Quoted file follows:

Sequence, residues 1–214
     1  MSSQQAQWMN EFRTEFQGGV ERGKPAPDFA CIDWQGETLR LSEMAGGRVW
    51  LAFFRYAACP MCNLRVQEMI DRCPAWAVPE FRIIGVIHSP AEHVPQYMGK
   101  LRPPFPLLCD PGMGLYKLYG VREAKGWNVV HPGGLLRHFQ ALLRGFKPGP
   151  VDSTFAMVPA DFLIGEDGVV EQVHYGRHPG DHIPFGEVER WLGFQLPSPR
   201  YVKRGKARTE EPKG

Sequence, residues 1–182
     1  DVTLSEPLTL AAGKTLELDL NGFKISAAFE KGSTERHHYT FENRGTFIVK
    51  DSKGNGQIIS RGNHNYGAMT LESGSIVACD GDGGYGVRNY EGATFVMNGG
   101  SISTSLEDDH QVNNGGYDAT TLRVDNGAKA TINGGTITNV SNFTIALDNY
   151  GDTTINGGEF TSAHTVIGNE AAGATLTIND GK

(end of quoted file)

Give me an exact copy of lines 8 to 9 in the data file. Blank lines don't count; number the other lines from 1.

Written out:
     1  DVTLSEPLTL AAGKTLELDL NGFKISAAFE KGSTERHHYT FENRGTFIVK
    51  DSKGNGQIIS RGNHNYGAMT LESGSIVACD GDGGYGVRNY EGATFVMNGG